by Amanda Painter, South Chapter Coordinator
While we hope that emergencies don’t happen, it’s always important to plan for them. Thinking about emergencies isn’t desirable and can cause anxiety. When that anxiety is put into something productive however it can actually help alleviate some of those emotions.
For those of you that are the primary caregiver for a child with food allergies, like me, we put an enormous amount of effort into preventing and preparing for emergencies with our child. We spend a lot of time examining the “what ifs.” It is important though that we also consider what would happen to our child if we were the ones that had an emergency. What if you couldn’t care for your child for a day, a week or for an indefinite amount of time? Who would care for your child while you can’t? Does this person have all the information and tools to provide the same level of care that you do?
In an effort to relieve some of my personal anxiety, I have developed a binder with all of the necessary information needed to help give my child the best care possible. This binder also doubles as a tool I use for babysitters, and they are instructed to take the binder with them if an ambulance must transport my child to the hospital. I recently shared this binder with my support group. Their response was great and many have now made their own binders. Here is the information for you too ...
Inside the binder:
Family that lives in town
Neighbors/friends that live nearby
Weight (as of what date)
List of allergies
List of medications
Any other medical conditions
I also include some articles and blogs that have been helpful for me or express my thoughts and emotions about raising a child with food allergies. If someone were stepping into my shoes and caring for my child, I would want them to know this perspective.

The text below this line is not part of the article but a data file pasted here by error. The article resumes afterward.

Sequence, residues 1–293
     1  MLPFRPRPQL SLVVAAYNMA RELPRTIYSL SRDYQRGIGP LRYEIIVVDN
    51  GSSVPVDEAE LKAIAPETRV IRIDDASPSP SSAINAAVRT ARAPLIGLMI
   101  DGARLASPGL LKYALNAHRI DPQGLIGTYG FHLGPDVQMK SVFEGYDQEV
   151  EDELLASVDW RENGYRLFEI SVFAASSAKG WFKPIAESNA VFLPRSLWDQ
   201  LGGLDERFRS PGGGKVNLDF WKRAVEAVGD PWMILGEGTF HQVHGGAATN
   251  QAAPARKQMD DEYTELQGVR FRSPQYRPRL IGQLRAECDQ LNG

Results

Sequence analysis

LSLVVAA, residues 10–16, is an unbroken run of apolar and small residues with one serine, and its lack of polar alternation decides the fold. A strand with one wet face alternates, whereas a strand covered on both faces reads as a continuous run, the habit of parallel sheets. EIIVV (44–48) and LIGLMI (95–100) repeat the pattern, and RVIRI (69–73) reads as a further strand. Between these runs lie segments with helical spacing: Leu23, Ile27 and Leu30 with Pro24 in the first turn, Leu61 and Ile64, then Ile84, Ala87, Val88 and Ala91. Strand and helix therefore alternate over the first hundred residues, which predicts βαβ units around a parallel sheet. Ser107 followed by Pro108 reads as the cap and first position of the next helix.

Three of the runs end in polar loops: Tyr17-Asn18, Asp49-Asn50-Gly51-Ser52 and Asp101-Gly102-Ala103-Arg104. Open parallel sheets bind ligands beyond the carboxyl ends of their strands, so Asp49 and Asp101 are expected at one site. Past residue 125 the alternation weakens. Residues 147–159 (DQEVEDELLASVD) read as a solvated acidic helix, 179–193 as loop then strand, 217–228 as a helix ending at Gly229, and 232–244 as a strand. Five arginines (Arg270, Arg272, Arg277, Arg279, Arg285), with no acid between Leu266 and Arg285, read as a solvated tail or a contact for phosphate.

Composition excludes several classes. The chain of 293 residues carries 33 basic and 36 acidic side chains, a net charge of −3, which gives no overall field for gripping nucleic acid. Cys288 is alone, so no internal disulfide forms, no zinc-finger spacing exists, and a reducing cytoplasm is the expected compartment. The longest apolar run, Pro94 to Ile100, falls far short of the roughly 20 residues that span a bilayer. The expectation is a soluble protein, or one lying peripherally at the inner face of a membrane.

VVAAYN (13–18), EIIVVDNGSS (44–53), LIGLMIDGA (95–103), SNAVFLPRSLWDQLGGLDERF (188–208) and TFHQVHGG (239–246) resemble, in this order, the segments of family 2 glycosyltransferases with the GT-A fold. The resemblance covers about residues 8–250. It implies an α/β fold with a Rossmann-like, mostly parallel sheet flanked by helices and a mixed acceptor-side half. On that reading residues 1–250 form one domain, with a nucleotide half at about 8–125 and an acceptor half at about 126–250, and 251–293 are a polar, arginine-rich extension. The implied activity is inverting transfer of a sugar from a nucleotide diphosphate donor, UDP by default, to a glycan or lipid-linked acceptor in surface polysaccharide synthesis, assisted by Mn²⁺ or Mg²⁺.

Depending on your family situation, you may want to include a list of people that may be contacted to offer advice on managing your child’s allergies. I am blessed to have multiple family members in town and all are knowledgeable and trained on how to care for my daughter. This may not be the case for everyone though. Is there a person outside of your family and closest friends that you turn to for food allergy advice? It could be an old friend that lives in another state, but has a child with the same allergies. Do you belong to a support group? Your facilitator would want to support your child’s new caregiver the same way they have supported you. Be sure to pass their information along.
What resources do you use that make managing food allergies easier? A book, a website, etc.? Include all of this information.
Think about anything else that could be useful to someone caring for your child both emotionally and physically.
I hope you will consider making an emergency binder for your child. It will help if you ever have an emergency. It will also help you to focus some of your “what if” anxiety into an incredibly useful tool.
What other information would you include in a binder for your child?
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